Renowned Western University neuroscientist Adrian Owen has launched the world's largest sleep-and-cognition study to help researchers learn the effects on our brains of sleep and sleep deprivation.
"Many of us are working more erratic hours and sleeping less, while the pace of our lives seems to be accelerating," said Owen, who is the Canada Excellence Research Chair in Cognitive Neuroscience and Imaging at The Brain and Mind Institute at Western and Chief Scientific Officer at Cambridge Brain Sciences. "We know that this sleep disruption affects us in some ways, and that some people feel the impact more than others, but there's surprisingly little research into exactly how our brains deal with these sleep deficits."
Sleep loss is a global problem that saps billions of dollars of productivity from the world economy and endangers lives. Lack of sleep is linked to physical ailments such as heart disease, obesity, and diabetes and can impair driving abilities at least as significantly as alcohol intoxication. Yet the ability to function on just a few hours of sleep -- to work around the clock on an assignment or drive all night to a vacation destination -- remains a socially acceptable point of pride for many people.
Brain researchers are still exploring some of the most basic, and essential, questions about sleep, Owen said: "What specifically happens in different regions of our brains when we sleep or don't sleep? How much sleep is 'enough'? Is there a long-term effect on brain health as well as a short-term effect? We all know you shouldn't drive if you're too tired -- but should you decide to get married, buy a car or design a bridge if you've been up half the night? And if there is an impact, is it the same across all ages and jobs or is it different for seniors, young moms, students, shift-workers, equipment operators?
"We have the opportunity in this study to learn far more about the brain's response to sleep than we have ever had before. And what we learn ultimately has the potential to change how millions of people go about their daily lives."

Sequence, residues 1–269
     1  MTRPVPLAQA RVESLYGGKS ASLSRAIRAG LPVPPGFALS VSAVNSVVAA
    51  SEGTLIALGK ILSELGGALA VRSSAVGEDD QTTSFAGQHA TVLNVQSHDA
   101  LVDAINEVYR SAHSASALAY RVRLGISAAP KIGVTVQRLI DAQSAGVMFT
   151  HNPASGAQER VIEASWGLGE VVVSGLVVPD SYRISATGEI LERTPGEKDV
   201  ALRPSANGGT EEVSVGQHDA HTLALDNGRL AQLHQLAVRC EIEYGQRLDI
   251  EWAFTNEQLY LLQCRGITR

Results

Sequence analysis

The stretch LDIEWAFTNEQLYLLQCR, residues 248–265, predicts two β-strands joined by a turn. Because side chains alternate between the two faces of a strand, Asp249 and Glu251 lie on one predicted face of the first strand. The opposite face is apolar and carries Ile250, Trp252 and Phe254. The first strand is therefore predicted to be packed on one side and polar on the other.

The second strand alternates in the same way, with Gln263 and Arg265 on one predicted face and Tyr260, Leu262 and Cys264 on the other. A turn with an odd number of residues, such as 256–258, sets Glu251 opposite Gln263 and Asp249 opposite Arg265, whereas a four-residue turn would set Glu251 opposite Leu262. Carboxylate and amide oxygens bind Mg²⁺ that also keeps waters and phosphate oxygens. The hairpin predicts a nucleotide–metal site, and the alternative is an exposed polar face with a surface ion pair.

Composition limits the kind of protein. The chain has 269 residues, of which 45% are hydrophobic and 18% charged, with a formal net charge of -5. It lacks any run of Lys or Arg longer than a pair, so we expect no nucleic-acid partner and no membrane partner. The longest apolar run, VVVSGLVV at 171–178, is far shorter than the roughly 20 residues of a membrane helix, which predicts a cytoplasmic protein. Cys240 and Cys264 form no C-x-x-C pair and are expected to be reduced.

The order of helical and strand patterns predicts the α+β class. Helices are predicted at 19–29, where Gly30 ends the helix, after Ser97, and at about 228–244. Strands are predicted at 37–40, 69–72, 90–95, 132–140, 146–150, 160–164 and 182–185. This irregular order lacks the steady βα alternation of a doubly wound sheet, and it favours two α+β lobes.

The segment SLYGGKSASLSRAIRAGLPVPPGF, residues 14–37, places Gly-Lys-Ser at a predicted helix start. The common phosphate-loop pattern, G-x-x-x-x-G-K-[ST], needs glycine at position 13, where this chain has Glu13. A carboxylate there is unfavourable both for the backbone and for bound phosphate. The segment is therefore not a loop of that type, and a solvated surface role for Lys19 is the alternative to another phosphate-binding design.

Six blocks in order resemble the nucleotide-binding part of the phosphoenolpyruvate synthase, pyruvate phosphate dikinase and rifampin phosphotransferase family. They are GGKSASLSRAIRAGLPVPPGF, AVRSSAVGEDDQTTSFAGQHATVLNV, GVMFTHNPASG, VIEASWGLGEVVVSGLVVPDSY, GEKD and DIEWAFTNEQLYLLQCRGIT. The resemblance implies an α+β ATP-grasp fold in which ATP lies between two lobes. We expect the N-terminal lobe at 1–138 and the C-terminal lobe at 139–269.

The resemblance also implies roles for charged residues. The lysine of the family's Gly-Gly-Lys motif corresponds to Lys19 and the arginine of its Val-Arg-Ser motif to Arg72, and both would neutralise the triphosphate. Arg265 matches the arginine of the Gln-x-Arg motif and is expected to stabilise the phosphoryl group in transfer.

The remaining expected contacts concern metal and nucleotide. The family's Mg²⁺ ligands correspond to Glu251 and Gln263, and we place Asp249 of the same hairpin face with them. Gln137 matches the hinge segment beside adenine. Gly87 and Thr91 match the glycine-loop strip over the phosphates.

The testing will be conducted entirely online at http://www.worldslargestsleepstudy.com, which is designed by neuroscientists through Cambridge Brain Sciences, to test different types of thinking. Study participants will be asked to track their sleep over a 3-day period, while playing a set of scientifically valid tests of brain function. Participants will be able to check in after their three days to see how their sleep values and performance compare with the other volunteers'. Researchers will then analyze sleep and cognition data with the intention of sharing the results of the study six months after launch.
Based on responses to a previous, ground-breaking study on the efficacy of brain-game training, Owen expects this will draw hundreds of thousands of participants from around the world. While other sleep studies have boasted of being the "largest" none have been subject to the scientific rigor of this study, nor have they examined links between cognition and sleep.
Some preliminary participants have performed brain-game tests and been monitored with functional MRI (fMRI) scans when fully rested and after a sleepless night. But that's impossible to do with thousands of people, and this study is intended to draw out equivalent information on an exponentially larger scale. The study is powered by Cambridge Brain Sciences -- a leading online brain health platform, with more than seven million tests completed by people in 75+ countries.
"The Internet has provided us with this unprecedented opportunity to involve the public in scientific research -- research that can draw out a gold-mine of sleep and brain data we've never before had access to," said Owen, who is also scientific director of Western University's BrainsCAN initiative, which has received a substantial $66-million investment from the Canada First Research Excellence Fund (CFREF).
Research conducted by the Owen Lab has helped change how the world understands brain function. Its ground-breaking work has included showing that some brain-injured patients previously thought to be non-responsive can be aware of their condition and be able to communicate. The lab is also creating significant new understandings of the causes and consequences of memory, perception and reasoning in healthy people and in people with neurodegenerative diseases.